Responding to Your Responses

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Last week the Standard-Journal published thoughtful and respectful responses to my last two columns. At first I was a bit self-conscious of the critiques. But since I am a licensed therapist I scheduled some time to talk to myself, and I’m okay now. (Too bad I can’t bill my insurance!)

As these responses were written to appropriately challenge my thoughts in the public forum, I hope it is okay to respond in like manner. I have hoped that my columns would ...

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What Happened to Robin Williams?

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Many of us woke last Tuesday morning to the disturbing news that comedian Robin Williams had taken his life in the throes of depression. Before the day was over members of the media and of this community were trying to make sense out of what we would consider a senseless act.

I was approached by several people, genuinely concerned about the implications of this news for their own well-being, and for those they love. “If anyone as funny as Robin Williams ...

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When Panic Attacks Someone You Love

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Last week we discussed the nature of panic attacks—sudden episodes in which one feels intense emotional and physical sensations associated with a sense of doom or dread. These “attacks” don’t directly result from anything dangerous; the sense of panic is spurred by perceptions that something happening within the body—changes in blood pressure, heart rate or breathing, or even light-headedness—is not right and signals a greater problem or danger.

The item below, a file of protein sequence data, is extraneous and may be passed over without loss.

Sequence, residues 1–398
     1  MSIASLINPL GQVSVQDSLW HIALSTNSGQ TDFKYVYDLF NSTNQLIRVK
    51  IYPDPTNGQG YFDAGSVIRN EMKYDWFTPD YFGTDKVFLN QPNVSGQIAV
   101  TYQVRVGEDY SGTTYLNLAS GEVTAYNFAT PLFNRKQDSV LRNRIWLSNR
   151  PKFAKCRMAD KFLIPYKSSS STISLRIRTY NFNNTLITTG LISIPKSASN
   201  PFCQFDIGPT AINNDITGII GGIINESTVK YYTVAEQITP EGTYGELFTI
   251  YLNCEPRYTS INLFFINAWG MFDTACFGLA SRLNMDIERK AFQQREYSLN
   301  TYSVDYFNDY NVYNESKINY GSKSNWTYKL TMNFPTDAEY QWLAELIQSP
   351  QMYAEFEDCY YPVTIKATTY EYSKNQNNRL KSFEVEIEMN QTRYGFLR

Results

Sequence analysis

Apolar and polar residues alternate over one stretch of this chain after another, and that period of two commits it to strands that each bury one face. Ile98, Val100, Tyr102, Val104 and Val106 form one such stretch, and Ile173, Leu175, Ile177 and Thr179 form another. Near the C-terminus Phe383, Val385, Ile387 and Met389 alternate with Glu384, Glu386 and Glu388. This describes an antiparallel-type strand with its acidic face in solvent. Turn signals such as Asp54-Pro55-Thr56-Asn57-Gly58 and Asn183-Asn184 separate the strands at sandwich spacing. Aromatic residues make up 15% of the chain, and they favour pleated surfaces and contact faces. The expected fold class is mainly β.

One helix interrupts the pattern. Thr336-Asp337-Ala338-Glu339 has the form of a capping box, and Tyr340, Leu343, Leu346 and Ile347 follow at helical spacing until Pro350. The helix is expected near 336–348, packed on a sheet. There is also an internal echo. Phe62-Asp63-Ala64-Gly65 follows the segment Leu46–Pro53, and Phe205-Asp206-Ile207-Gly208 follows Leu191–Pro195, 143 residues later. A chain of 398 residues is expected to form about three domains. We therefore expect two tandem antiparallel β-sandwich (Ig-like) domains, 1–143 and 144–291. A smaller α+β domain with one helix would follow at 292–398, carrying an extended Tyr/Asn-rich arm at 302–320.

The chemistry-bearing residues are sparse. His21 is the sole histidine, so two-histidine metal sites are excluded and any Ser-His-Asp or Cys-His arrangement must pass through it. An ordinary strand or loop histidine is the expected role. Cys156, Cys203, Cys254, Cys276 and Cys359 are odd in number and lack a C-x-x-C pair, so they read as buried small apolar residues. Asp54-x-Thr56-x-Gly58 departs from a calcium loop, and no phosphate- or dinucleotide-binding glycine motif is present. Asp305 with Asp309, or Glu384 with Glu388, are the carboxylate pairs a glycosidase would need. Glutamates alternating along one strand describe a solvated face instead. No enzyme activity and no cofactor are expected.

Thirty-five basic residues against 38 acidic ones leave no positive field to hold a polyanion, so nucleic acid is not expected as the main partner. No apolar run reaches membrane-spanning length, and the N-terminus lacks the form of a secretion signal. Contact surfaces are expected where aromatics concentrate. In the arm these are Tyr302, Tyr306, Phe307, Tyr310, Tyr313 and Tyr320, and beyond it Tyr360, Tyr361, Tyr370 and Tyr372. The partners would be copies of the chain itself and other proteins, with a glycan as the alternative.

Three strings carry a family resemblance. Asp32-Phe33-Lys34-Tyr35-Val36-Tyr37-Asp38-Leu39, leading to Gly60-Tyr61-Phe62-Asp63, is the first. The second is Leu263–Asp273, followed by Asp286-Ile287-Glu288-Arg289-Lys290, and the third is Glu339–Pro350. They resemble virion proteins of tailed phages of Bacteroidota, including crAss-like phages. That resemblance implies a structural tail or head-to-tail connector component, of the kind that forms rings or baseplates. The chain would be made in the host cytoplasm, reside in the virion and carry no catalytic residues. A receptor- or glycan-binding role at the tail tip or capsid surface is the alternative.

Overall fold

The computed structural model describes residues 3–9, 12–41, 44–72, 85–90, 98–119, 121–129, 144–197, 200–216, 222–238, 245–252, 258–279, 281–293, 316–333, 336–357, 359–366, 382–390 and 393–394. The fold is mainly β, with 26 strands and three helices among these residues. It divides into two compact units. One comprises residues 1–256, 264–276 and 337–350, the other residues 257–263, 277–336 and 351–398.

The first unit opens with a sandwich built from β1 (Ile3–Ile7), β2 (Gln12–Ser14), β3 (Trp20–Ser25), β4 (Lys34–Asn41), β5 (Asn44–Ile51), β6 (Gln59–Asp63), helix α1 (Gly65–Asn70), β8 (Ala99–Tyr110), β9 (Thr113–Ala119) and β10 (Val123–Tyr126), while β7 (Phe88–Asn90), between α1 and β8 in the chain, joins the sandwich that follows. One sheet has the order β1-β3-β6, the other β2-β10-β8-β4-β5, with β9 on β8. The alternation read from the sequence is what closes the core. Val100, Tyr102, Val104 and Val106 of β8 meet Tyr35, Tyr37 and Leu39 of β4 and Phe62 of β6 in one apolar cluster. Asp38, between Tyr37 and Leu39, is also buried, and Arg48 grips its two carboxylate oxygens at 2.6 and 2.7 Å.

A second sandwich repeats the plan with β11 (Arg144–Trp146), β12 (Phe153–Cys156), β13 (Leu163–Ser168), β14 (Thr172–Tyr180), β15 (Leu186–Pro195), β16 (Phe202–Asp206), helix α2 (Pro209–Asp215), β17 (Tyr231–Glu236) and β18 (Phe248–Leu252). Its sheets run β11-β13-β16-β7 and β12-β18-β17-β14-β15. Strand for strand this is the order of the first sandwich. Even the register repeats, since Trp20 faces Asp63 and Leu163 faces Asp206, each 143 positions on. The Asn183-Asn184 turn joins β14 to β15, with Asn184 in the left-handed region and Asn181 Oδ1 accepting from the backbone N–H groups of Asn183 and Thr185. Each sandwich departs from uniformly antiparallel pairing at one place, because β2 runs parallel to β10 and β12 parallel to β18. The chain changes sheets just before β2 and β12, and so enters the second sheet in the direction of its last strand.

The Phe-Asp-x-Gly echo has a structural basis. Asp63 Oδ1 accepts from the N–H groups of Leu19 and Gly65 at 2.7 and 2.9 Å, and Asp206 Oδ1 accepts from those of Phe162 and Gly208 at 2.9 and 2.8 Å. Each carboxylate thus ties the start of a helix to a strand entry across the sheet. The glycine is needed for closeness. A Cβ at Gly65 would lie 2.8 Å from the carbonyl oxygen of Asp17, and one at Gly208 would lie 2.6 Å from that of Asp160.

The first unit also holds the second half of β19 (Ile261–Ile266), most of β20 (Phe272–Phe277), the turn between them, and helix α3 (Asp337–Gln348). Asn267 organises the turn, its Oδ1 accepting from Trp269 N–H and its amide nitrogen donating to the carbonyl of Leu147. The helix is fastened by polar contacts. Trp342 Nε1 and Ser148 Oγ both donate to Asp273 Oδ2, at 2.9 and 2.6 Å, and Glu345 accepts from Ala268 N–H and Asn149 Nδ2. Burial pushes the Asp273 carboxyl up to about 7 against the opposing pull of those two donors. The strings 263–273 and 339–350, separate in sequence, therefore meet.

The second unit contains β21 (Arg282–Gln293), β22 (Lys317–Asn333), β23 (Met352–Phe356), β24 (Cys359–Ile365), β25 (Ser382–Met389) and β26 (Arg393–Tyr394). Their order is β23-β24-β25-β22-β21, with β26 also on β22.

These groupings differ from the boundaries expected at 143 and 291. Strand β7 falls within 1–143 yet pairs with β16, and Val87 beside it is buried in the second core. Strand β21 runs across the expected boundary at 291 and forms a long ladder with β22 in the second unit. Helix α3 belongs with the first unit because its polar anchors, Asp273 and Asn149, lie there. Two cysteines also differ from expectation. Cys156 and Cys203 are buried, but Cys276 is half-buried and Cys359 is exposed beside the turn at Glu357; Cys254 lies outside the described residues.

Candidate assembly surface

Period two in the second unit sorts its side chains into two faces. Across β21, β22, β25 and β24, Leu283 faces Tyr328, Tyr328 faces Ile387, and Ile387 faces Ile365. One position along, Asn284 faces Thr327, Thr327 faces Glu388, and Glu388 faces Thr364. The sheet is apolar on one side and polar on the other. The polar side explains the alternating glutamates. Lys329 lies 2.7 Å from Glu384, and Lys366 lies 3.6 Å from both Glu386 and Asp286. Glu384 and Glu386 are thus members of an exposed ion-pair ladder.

Panic attacks are so very common that about 10 percent of the adult ...

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When Panic Attacks

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A sudden sense of impending doom; something awful must be happening! Your body doesn’t feel right—heart pumping, breathing fast and difficult, your insides feel like Jell-O. There is no real danger, at least not anything obvious. There must be something wrong with you…

Panic attack—a sudden sense of danger or urgency accompanied by intense physical sensations without any apparent reason—is much more common than you might think. Depending upon the study cited, between eight and twelve percent of Americans have experienced ...

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Judge Not, Lest Ye Be in Big, Big Trouble!

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As I work with couples to help restore love, and individuals to enjoy life more fully, I am wracked by the price we pay for judgment.

“What a jerk!”

“You have no right…”

“They have no idea…”

“I was so dumb.”

“Utah drivers!”

Judgment has many forms but comes down to this: labelling something or someone as good or bad, right or wrong, rather than simply describing what it is. It goes without saying that harsh judgment hurts relationships. But the effects of small, day-to-day judgments ...

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